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> Glad to see ..., Chelsea got beat tonight.
Ben
post Nov 23 2011, 09:41 PM
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Just goes to show, you can have a squad with a majority of players being from the same country as the club, have fan involvement/ownership, charge fans a reasonable amount to watch them etc and still be successful.


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Lobster
post Nov 24 2011, 12:53 AM
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The English clubs on the whole aren't doing all that well in the Champions League are they? Maybe it's because they're not all that good.

I used to almost always support the English sides in European football, now by and large I find it funny when they get knocked out.
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CO2
post Nov 24 2011, 09:05 AM
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QUOTE (XWWB @ Nov 24 2011, 12:53 AM) *
The English clubs on the whole aren't doing all that well in the Champions League are they? Maybe it's because they're not all that good.

I used to almost always support the English sides in European football, now by and large I find it funny when they get knocked out.

basically summed up by tevez and all the other jonny foreigners playing over here on massive wages but in reality, as long as they get paid couldnt give a fook for the pride of their clubs...

i was starting to think the premiers**t was pulling away from the rest of europe (apart from Barca) but it looks like even with all the chicken farmers money they still arent very good....

as for chelsea, poor old AVB will be gone without being given the chance he was told he'd get. long term gain for short term pain doesnt come close because of the money involved and needing a "quick fix". A very good young up and coming manager will have been scared/ruined because of the greed of the big clubs...

give me a tense 1-0 against ashton any day of the week over a chomps league game..

cityscarf.gif


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iandyChesterCity
post Nov 24 2011, 01:35 PM
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most of the successful champions league teams have had an emphasis on home-grown players, looking at the bayerns, the uniteds, obviously the barcas out there.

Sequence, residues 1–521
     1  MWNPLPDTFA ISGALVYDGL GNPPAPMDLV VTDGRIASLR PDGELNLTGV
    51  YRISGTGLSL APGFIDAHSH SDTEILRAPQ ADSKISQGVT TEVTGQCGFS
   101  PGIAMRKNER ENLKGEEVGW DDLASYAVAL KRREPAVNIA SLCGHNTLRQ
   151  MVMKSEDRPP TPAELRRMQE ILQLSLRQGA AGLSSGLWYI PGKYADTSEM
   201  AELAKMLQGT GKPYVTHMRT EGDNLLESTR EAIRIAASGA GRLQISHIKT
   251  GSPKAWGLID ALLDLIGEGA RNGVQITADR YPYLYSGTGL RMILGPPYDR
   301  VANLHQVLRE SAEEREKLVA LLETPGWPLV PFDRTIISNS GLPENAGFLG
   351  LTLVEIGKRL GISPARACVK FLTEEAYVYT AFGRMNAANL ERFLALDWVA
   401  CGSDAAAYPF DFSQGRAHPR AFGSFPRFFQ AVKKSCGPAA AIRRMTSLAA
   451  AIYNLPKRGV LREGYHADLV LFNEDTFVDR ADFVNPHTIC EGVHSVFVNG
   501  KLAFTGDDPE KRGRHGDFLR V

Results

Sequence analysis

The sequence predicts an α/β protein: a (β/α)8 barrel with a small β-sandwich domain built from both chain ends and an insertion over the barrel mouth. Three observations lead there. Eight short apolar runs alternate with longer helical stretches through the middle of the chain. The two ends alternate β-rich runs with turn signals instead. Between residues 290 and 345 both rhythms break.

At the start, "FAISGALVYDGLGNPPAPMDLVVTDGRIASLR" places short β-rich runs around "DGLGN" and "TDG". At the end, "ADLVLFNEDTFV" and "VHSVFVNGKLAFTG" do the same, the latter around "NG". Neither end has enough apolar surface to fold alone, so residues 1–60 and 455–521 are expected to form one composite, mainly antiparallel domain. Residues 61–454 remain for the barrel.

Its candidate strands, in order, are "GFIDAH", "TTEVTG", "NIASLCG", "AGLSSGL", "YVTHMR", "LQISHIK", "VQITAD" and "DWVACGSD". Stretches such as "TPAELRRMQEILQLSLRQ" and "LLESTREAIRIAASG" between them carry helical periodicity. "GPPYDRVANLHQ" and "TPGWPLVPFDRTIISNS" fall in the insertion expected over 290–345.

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CO2
post Nov 24 2011, 02:08 PM
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QUOTE (iandyChesterCity @ Nov 24 2011, 01:35 PM) *
most of the successful champions league teams have had an emphasis on home-grown players, looking at the bayerns, the uniteds, obviously the barcas out there.


ronaldo, nani, evra et al, all good salford lads...

united have been buying big like the rest of them for a long time..
yes they use to have beckhams, giggs etc but not for many a year now have they had a team dominated by anything other than off the shelf foreign players..


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iandyChesterCity
post Nov 24 2011, 02:35 PM
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same as ribery and arjen robben at bayern, dani alves and messi at barca and sneider and milito at inter, i'm not saying they had a team fully made up of home grown players but the spine of the team.


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bluemorf
post Nov 24 2011, 02:46 PM
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QUOTE (CO2 @ Nov 24 2011, 02:08 PM) *
QUOTE (iandyChesterCity @ Nov 24 2011, 01:35 PM) *
most of the successful champions league teams have had an emphasis on home-grown players, looking at the bayerns, the uniteds, obviously the barcas out there.


ronaldo, nani, evra et al, all good salford lads...

united have been buying big like the rest of them for a long time..
yes they use to have beckhams, giggs etc but not for many a year now have they had a team dominated by anything other than off the shelf foreign players..


United have a large core of UK players though to be fair! Ferdinand, Jones, Smalling, Giggs, Carrick, Fletcher, Young, Rooney, Welbeck. Not all first team regulars admittedly, and not all at Utd when they won the Champs league, but i wouldnt describe them as dominated by off the shelf foreign players.

Arsenal , chelsea and Man city dont focus on this, and they havent done too well in the champs league recently (with the odd exception)
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a view from outs...
post Nov 24 2011, 03:10 PM